Principle I

Nearly-dry river bed in Toulouse

Nearly-dry river bed in Toulouse
Image Credit: Olybrius (2012)

This is one of the oldest fresh water wells in Mumbai city that provides tanker water to most parts of Mumbai having a water shortage (temporarily unusable due to waste matter and dead fish)

This is one of the oldest fresh water wells in Mumbai city that provides tanker water to most parts of Mumbai having a water shortage (temporarily unusable due to waste matter and dead fish)
Image Credit: Furtado, R. A. (2012)

Fresh water is a finite and vulnerable resource, essential to sustain life, development and the environment.

The notion that freshwater is a finite resource arises as the hydrological cycle on average yields a fixed quantity of water per period. This overall quantity cannot yet be altered significantly by human actions, though it can be, and frequently is, depleted by man-made pollution. This principle recognizes that water is required for many different purposes, functions and services; management therefore, has to be holistic (integrated) and involve consideration of the demands placed on the resource and the threats to it. (CAP-NET 2006)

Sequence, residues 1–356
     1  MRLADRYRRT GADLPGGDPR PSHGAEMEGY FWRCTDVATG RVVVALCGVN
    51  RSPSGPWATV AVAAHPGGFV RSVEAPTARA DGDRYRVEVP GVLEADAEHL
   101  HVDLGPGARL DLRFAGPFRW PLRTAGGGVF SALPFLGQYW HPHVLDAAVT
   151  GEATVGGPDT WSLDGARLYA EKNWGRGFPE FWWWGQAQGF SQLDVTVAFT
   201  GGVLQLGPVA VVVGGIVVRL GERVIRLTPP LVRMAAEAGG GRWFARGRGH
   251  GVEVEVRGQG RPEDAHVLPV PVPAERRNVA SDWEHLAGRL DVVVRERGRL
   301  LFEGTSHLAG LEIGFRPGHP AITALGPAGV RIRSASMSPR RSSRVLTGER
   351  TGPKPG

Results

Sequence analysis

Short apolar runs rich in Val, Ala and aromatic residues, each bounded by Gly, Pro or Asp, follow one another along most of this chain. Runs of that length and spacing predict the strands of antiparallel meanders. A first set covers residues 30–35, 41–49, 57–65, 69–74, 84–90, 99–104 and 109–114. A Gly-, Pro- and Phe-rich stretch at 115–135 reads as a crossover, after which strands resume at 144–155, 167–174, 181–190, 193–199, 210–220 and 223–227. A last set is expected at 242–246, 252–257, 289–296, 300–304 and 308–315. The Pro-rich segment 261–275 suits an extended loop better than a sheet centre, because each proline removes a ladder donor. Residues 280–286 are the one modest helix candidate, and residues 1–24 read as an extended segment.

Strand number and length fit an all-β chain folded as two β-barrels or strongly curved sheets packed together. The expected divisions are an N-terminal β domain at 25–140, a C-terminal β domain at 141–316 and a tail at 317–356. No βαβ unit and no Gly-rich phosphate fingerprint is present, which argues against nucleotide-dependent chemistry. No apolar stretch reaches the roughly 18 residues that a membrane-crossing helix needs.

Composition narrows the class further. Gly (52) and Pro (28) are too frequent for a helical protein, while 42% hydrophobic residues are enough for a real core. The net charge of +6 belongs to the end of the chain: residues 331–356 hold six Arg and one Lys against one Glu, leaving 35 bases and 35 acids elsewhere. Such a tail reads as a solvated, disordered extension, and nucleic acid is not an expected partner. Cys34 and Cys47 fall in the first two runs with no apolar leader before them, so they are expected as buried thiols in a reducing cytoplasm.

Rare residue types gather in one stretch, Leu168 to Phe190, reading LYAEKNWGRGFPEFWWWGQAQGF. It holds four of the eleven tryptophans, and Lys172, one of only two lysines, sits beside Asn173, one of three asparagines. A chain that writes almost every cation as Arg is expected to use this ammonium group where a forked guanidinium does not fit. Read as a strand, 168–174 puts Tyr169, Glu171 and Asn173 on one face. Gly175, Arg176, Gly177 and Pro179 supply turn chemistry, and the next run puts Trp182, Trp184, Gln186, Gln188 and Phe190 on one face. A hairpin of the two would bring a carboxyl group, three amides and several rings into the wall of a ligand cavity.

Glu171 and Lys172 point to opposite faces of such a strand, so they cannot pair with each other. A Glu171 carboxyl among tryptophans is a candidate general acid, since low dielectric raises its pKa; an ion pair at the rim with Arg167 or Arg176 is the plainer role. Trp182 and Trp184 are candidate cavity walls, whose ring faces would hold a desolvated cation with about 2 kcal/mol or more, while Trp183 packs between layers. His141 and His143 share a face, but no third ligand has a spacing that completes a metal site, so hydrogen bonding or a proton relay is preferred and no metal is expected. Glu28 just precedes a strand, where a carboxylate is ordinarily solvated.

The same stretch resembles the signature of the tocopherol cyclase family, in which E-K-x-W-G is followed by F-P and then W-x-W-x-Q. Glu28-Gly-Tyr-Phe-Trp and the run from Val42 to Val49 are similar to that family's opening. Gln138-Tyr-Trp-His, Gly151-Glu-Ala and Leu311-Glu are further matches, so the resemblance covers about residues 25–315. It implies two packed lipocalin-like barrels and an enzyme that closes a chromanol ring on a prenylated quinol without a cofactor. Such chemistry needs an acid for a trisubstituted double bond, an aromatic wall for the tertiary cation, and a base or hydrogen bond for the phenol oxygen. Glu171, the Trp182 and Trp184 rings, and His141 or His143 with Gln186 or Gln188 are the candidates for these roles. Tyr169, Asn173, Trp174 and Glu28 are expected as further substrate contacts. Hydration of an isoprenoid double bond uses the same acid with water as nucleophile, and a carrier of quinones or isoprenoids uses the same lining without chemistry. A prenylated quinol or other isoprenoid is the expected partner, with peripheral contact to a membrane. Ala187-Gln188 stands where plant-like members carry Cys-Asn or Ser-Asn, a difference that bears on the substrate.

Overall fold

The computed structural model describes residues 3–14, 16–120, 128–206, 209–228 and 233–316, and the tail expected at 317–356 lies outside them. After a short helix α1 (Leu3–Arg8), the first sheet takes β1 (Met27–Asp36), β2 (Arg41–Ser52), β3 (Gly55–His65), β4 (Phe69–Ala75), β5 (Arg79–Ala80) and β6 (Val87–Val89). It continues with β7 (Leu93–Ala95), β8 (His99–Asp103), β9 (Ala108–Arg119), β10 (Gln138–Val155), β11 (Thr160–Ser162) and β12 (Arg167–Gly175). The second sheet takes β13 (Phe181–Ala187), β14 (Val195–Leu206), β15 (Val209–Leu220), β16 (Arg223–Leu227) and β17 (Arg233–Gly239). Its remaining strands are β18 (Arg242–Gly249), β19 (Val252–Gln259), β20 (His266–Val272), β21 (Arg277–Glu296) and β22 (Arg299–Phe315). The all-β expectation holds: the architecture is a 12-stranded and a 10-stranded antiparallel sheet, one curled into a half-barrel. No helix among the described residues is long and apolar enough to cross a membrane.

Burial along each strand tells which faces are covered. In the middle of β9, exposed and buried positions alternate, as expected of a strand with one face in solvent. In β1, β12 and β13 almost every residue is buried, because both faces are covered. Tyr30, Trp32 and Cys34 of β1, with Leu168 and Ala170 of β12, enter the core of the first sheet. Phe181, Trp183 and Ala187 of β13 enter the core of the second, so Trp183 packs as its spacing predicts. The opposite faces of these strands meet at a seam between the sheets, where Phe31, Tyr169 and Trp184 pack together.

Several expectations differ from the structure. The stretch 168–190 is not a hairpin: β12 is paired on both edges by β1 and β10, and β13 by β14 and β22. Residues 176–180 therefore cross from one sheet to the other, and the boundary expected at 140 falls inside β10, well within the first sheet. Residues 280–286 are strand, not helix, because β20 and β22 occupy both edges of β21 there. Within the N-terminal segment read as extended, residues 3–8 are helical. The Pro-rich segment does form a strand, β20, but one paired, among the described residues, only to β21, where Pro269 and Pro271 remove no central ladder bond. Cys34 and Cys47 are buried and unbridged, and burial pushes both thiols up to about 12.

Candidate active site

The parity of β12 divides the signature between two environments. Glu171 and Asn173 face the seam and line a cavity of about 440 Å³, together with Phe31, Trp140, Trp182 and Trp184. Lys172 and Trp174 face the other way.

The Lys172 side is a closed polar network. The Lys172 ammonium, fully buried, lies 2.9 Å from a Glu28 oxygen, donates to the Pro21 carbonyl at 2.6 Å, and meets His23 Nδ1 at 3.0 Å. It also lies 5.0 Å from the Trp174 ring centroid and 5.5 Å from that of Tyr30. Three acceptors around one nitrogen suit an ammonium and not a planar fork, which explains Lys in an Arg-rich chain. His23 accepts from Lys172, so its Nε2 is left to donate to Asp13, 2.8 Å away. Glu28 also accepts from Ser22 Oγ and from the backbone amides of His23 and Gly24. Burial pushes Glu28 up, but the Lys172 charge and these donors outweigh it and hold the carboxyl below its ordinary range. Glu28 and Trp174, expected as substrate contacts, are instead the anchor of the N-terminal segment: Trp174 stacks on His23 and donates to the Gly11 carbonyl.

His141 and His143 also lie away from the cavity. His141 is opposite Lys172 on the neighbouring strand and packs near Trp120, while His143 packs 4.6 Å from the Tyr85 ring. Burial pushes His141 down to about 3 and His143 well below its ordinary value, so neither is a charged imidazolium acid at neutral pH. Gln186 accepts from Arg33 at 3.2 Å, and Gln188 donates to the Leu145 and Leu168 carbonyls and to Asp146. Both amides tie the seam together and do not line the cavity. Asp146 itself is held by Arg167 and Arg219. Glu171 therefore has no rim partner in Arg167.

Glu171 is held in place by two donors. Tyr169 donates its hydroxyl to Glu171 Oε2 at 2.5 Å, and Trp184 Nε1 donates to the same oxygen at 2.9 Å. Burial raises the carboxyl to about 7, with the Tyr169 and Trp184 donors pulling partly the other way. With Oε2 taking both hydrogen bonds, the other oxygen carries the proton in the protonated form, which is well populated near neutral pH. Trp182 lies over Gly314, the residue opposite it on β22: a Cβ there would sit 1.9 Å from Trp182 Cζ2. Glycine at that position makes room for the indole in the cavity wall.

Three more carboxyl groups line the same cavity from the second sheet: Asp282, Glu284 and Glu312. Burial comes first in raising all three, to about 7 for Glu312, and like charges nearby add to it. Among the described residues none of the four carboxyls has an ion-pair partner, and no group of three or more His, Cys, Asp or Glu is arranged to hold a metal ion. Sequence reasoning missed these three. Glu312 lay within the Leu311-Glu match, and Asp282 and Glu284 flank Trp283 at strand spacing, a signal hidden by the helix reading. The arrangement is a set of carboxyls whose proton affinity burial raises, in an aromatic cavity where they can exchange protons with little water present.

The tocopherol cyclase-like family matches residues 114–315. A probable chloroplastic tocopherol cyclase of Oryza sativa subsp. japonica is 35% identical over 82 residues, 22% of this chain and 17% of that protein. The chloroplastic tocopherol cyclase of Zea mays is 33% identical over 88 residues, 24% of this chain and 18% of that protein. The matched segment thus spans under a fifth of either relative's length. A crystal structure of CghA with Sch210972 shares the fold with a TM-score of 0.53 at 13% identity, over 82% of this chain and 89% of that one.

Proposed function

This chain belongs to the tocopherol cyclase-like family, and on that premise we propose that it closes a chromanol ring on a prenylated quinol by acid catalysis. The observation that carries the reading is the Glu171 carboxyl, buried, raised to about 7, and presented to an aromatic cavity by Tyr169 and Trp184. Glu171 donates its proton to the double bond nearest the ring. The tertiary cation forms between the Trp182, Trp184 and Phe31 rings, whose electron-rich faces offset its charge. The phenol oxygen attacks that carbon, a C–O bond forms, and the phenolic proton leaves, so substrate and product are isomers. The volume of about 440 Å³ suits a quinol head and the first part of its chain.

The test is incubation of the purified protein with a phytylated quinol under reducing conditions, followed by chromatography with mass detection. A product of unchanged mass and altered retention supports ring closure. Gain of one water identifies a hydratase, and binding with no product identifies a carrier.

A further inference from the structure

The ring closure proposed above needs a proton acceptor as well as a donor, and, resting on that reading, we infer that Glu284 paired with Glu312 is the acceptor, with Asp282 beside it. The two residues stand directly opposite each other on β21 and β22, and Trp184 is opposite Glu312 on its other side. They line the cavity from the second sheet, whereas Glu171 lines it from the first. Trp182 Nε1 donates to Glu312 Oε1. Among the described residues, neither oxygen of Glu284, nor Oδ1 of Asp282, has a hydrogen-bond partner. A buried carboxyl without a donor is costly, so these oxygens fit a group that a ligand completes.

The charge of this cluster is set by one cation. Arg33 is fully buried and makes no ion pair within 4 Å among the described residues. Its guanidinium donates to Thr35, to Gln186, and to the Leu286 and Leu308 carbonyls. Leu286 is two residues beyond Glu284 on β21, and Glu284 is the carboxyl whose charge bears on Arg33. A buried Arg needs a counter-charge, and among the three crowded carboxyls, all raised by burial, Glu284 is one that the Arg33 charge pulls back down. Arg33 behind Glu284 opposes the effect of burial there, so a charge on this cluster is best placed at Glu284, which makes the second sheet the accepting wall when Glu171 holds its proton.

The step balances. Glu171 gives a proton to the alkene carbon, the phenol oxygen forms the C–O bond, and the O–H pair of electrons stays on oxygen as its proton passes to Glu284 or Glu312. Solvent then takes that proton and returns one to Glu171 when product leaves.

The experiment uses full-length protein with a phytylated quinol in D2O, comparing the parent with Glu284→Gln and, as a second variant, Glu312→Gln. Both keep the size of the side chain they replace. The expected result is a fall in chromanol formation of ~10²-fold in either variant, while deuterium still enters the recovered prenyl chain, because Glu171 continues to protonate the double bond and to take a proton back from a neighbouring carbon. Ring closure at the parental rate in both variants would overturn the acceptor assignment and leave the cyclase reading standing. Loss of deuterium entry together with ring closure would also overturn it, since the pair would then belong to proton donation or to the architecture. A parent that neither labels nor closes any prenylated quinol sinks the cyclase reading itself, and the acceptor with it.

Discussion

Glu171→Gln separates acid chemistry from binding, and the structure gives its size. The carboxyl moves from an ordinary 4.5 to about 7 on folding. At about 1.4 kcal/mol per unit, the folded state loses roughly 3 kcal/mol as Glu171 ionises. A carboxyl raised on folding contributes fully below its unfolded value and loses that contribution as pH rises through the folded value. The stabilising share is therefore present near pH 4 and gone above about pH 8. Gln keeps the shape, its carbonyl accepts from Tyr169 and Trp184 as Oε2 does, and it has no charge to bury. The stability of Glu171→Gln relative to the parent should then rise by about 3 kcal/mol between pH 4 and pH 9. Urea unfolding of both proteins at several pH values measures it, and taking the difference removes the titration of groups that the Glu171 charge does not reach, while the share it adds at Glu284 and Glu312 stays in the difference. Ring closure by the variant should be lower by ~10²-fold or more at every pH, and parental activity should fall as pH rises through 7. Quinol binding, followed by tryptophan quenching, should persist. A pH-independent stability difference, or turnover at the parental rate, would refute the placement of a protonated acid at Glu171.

Holistic management not only involves the management of natural systems; it also necessitates coordination between the range of human activities, which create the demands for water, determine land use activities and generate water borne waste products. Creating a water sensitive political economy requires coordinated policy making at all levels (from national ministries to institutions on local government or community level). There is also a need for mechanisms which ensure that economic sector decision makers take water costs and sustainability into account when making production and consumption choices. The development of an institutional framework, which capable of integrating human systems – economic, social and political – represents a considerable challenge. (GWP 2012a)